In the last few days I have watched dramas so fine I don’t feel worthy, and dramas so farcical* they make a mockery of the whole genre.
*(In case you’re wondering, no, I’m not referring to Boys Over Flowers.)
Whether a drama is brilliant or a piece of crap, it affects me. I may feel elated or insulted; rarely do I feel nothing. The feelings may dissipate after a while, or they may hang around for a long time. For all the hours I spend on my kdramas—watching, thinking, and writing about them—I hope my brain is getting a beneficial workout. The day when I watch uncaring about quality is the day when it’s time to move on and look for a new
As you can tell from my previous post, I’ve been feeling rather nostalgic lately. I’m not sure why. Perhaps it’s the hours I spend watching or reading about the manifold tribulations in Japan and feeling sorrowful and overwhelmed. My mind drifts easily when I’m in a pensive state, flitting from one thing to another, and it takes me to places that I wasn’t planning on visiting.
Do you subscribe to the belief that “you never forget your first love”? It’s a lovely sentiment, but in reality not always true. We forget stuff all the time, including poignant memories such as a first love. [Like, I recently forgot I was married with kids, and attempted to buy a ticket to Japan to stalk a certain shiny, crooked toothy-grinned, newly muscular, spacey fluff-ball, only to regain my sanity memory, right before I clicked the Buy button. Disaster and marriage counseling averted].
Memory loss nothwithstanding, do you still remember the first time you de-lurked? In whatever context, whichever forum, you typed the first tentative comments about a drama that moved you. Armed with that little ounce of courage in announcing your presence in the drama-verse, I applaud you. This review has been inspired by the devotees of dramas world-wide.
When you really love something, you pour your heart and soul into it. And it shows. I want to share with you such a drama. From the first frame to the last lingering shot, every detail is exquisite, every emotion is genuine. While not the best drama I have ever watched, I absolutely, unequivocally, love it. [I once wrote that I loved a drama so much I wanted to marry it and have its babies. I probably have a tendency to be effusive, and I don’t want to become the koala who cried wolf (every drama is the “Best Drama EVAR!!!”). I promise to fight my natural inclination to pile on the accolades, and try to be objective here].
Was it six years ago? A man and a woman at night, she bleeding from a wound on her shoulder, he tending so gently to the wound. Their voices are as soft as the breeze is light. As they walk home afterwards, cherry blossoms flutter around them, like a million pink and white lights aglow in the dark.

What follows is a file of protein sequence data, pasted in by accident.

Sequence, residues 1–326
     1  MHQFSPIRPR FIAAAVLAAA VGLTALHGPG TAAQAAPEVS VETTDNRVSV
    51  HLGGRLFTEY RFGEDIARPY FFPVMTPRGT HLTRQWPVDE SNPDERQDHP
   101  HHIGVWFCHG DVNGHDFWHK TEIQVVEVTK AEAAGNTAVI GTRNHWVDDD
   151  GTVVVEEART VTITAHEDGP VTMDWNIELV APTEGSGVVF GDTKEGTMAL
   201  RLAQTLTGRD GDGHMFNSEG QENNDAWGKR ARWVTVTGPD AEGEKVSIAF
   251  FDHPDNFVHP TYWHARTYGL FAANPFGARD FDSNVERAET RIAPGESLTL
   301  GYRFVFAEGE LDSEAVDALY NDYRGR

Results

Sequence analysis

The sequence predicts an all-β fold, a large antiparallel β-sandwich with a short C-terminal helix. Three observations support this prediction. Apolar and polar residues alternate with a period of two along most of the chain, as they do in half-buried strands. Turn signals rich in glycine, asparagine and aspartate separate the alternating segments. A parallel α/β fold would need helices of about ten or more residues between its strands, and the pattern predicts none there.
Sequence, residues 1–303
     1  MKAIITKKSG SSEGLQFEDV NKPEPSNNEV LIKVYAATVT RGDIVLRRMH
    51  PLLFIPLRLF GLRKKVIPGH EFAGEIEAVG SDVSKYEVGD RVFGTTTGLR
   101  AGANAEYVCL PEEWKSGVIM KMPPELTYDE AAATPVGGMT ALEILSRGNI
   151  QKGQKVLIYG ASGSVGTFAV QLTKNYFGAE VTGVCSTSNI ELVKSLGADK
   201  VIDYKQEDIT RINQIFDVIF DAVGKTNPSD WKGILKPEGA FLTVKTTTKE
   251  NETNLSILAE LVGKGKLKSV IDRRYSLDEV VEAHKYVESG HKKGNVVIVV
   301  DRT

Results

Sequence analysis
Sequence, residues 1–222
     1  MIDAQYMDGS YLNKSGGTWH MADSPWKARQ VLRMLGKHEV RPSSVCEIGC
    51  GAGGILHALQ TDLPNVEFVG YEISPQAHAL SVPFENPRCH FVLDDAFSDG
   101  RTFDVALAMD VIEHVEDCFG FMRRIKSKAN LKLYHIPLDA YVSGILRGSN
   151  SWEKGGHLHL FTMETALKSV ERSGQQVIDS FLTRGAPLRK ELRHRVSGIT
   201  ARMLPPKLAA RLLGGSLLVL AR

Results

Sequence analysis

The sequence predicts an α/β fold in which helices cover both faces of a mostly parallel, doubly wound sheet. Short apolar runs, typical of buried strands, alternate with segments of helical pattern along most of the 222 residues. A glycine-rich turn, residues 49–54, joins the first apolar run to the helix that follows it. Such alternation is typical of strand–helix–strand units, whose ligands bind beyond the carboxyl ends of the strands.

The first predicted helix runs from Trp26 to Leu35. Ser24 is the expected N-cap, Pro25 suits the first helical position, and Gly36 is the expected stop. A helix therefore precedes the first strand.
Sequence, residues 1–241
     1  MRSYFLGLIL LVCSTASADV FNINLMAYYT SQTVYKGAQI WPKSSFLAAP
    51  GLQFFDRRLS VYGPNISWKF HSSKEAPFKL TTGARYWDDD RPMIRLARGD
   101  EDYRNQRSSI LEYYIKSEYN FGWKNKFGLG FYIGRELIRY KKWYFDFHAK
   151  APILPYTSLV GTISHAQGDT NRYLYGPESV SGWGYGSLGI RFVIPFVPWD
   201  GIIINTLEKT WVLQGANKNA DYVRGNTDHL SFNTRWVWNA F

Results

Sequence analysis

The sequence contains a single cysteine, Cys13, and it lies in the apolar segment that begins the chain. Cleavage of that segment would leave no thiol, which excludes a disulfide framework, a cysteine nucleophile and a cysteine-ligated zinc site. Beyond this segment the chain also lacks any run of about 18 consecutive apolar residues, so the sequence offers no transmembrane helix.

Even now, six years later, I can’t speak of my first sageuk (Korean historical or period drama) without a lump suddenly forming in my throat. Damo changed my life, literally flinging me over the edge into the depths of kdrama addiction. It marked the beginning of a love affair that has continued to grow; both my top movie and drama are period ones and I don’t see any other genre coming along to topple them, in the foreseeable future or otherwise.
Damo stayed at the top of my favorites list for a long time, but the day finally came when I had to sadly acknowledge that another drama would take its place. So it has been, this game of musical chairs, this rotation of faves and favored. I’m not alone. One of the contributors to this post sent me this note along with her picks: “I RESERVE THE RIGHT TO CHANGE MY MIND.” (See how passionate we sageuk fans are? Haha.)
So here we are, a special post on my favorite genre. Six dear friends, all familiar names in the Kdrama community, responded enthusiastically to my invitation to participate in this poll of sorts. Nine categories in all (because it’s obvious thundie can’t count; she thought she listed ten), with picks that I’m sure will delight or dismay you. Wrapping up the post is a hilarious and insightful look at how sageuk and wuxia stack up against each other.
Many thanks (and cups of coffee) to ockoala (who wrote the sageuk/wuxia piece), dahee, dramaok, hjkomo, javabeans and His Grumpiness misterX. All of you inspire me every day to be a more discerning viewer.
This was supposed to be a five-part series… until I saw the list of 2003 dramas.
How can I skip the year that produced the first drama that nearly drowned me? I drooled, I wept, I was becoming dehydrated! (Thank you, Damo. I owe you.)
At some point it will end, but for now may I present to you Part 6 of our Best and Worst Dramas poll? (The five that went before are here: 1, 2, 3, 4 and 5.)
By the way, I’m not kidding when I say “worst” because some of the worst dramas I’ve ever watched are here! *runs away screaming*
For Naeuri Hwangbo Yoon
Naeuri, you never thought the day would come when you would send Chae Ok away and hope never to see her again. “Go,” you said, “The next time we meet you would be one of Jang Sung Baek’s men and we would have to cross swords. Go….”
And as she walked away slowly, you fell onto the grass and you cried, remembering the seven-year old girl you met fifteen years ago. “This child… I did not do anything for this child.”
But how could you say that, Naeuri? You did so much for this child. You loved her.
[MAJOR SPOILERS BEYOND THIS POINT]
Written in September 2004
For everyone who has watched and loved Damo… I wrote this to release some of the feelings in my heart…
Jang Jae Hee
Little Jae Hee. Could you even imagine the joy your parents felt the day you were born? The delight on your father’s face as he gazed at you… the peals of laughter that could be heard throughout the house. “A perfect little sister for you, Jae Mo,” he said, as he carried you in his arms. “Our little Jae Hee.”